But the commentary is not without its flaws. One in particular is a misunderstanding of the culture of the period. When Olga lures Henry Victor into her lair, you may remember that she puts on a kimono and says to Victor, “Ah—come on in!” Skal notes that “In the pre-code days, just wearing a kimono on screen might be ample evidence of moral turpitude.” This is said in a way that would lead people listening to the commentary to scoff at the “ignorance” of those days. But if you were watching Freaks when it was first released, you would have known that kimonos were common overwear for prostitutes in brothels, and this was because a kimono was, shall we say, an easy package to unwrap. There is a silent movie from 1920 called The Red Kimona about a girl who is forced into prostitution that would give a modern-day movie watcher more insight into this now nonexistent cultural reference.
Another error is a factual error about Olga’s filmography. The commentary says that after Freaks, Olga would only appear in two more features. The correct information is that she would appear in three features and three short films.
About the Subtitles
Probably the worst thing about this entire disc is the English subtitles, which is really nice to be able to say about a mainline DVD release, considering the glut of poor transfers, terrible commentaries, and superfluous featurettes that mar many classic film DVD releases like graffiti on classic architecture. From watching the film with the English subtitles, it appears that the subtitle creators were not familiar with the film and tried to transpose the film phonetically without consorting to the film’s original cutting continuity. Almost none of the lines that appear in foreign languages are in the subtitles, and there are major errors and omissions in the subtitles that confuse the plot or add unintentional cheeseball humor to the release.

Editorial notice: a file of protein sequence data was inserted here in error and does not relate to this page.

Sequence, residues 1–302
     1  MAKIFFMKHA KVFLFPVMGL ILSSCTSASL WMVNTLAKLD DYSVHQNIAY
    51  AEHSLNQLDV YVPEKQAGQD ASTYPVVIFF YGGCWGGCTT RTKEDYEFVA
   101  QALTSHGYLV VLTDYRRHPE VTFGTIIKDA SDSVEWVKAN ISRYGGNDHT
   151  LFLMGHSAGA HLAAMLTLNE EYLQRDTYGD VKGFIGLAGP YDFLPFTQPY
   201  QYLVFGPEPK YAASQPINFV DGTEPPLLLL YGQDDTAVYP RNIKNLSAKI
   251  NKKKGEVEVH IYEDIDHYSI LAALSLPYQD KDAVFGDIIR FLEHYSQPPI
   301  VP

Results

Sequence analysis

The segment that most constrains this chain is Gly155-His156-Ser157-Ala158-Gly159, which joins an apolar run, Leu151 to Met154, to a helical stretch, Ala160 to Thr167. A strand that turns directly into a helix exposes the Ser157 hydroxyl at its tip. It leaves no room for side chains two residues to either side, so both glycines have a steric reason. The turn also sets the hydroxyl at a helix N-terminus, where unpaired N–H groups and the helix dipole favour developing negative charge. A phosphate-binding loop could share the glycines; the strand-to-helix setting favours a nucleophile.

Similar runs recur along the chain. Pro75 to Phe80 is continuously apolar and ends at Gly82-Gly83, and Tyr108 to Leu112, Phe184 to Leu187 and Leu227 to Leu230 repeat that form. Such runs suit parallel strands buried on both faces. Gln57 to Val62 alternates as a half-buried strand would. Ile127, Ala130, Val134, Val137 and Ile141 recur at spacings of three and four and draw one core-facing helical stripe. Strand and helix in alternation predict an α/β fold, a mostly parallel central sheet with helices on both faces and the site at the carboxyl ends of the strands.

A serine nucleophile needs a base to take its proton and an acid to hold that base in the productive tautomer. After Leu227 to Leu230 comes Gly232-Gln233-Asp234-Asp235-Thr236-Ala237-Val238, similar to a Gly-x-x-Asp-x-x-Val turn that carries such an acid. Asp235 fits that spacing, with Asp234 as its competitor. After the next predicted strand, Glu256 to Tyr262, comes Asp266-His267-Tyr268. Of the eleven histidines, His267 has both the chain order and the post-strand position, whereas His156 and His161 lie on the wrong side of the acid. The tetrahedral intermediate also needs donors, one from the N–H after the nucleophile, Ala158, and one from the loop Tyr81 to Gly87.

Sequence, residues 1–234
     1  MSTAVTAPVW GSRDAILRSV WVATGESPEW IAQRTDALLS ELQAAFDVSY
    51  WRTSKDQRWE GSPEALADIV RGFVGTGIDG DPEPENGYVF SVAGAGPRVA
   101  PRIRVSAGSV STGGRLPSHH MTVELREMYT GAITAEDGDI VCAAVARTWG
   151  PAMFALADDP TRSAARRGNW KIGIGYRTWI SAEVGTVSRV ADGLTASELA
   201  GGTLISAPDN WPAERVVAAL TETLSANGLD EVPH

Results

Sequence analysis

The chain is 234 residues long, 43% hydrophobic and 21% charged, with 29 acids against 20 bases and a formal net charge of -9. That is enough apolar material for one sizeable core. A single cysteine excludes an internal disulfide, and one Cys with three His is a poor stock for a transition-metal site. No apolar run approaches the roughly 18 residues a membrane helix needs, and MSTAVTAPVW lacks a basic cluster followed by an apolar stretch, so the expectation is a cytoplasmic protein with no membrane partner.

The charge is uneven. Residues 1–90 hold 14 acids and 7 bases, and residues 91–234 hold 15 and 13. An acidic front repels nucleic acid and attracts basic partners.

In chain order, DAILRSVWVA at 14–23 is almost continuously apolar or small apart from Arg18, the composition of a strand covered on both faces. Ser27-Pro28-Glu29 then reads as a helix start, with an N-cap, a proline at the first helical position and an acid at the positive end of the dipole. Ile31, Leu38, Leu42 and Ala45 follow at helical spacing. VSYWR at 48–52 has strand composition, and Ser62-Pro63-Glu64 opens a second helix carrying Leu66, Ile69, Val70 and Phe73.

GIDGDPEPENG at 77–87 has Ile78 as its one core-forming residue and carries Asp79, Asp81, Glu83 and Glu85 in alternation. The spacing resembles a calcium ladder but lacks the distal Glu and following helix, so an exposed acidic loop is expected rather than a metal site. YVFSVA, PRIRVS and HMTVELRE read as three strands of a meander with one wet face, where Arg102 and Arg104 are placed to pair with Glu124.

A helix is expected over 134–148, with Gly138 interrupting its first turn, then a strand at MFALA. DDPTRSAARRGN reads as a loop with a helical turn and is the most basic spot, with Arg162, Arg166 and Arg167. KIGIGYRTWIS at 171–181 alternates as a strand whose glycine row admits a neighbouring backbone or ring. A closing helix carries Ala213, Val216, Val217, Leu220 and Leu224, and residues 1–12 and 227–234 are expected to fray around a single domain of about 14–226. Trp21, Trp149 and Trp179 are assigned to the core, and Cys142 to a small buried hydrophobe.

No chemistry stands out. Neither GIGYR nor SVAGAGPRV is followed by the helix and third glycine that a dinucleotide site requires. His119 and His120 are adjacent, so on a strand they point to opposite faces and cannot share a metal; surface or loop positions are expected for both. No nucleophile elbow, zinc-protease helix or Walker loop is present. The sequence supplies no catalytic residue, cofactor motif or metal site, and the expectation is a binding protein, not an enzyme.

Foreign Language Omissions
For starters, let’s look at the foreign language omissions. Most all of the lines that appear in foreign languages appear in the original cutting continuity—with translations. Here are the important ones:
—Frieda’s first line to Hans in the opening big top scene is “Ach, sie ist aber prachvoll, nicht var, Hans?” (“Oh, she is magnificent, isn’t she, Hans?”) The attendant then calls Frieda away from Hans’ side and says “Fraulein Frieda…Ich hab’ den Guertal enger gemacht.” (“I have tightened the belly band.”) Frieda tugs on the miniature horse’s belly band and says “Das is veil baser. Er war immer hinunter gerutscht. Danke schön.” (“That’s much better. It was always slipping. Thank you.”)
—When Hercules walks past Cleopatra’s wagon, he sings from “Im Kuhen Keller” by Fisher; the actual line he sings is “Einem Fass voll Trauben…” (“One barrel of grapes…”)
—After the Rollo Brothers and Hercules make their lewd comments about Cleopatra and Cleopatra gets Hans to rub her shoulder, Hans cusses the three men out with the words, “Ihr seid nicht wert zu einer Frau zu sprechen! Ihr gehoert auf die Strasse, ihr niedrigen, dreckigen Schweine...Ihr Schweine!” (“You’re not worthy to speak to a woman! You belong on the street, you low, dirty pigs…you pigs!”)